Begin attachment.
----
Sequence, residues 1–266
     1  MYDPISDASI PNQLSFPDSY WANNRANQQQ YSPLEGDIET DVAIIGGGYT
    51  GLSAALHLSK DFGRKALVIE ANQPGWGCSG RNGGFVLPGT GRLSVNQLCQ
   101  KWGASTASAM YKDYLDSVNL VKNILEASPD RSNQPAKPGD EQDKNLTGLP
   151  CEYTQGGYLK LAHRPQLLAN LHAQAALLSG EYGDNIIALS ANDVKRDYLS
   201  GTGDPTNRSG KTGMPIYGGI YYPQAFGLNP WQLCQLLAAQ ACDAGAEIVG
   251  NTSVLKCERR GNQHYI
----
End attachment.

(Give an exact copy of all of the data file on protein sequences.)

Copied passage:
Sequence, residues 1–266
     1  MYDPISDASI PNQLSFPDSY WANNRANQQQ YSPLEGDIET DVAIIGGGYT
    51  GLSAALHLSK DFGRKALVIE ANQPGWGCSG RNGGFVLPGT GRLSVNQLCQ
   101  KWGASTASAM YKDYLDSVNL VKNILEASPD RSNQPAKPGD EQDKNLTGLP
   151  CEYTQGGYLK LAHRPQLLAN LHAQAALLSG EYGDNIIALS ANDVKRDYLS
   201  GTGDPTNRSG KTGMPIYGGI YYPQAFGLNP WQLCQLLAAQ ACDAGAEIVG
   251  NTSVLKCERR GNQHYI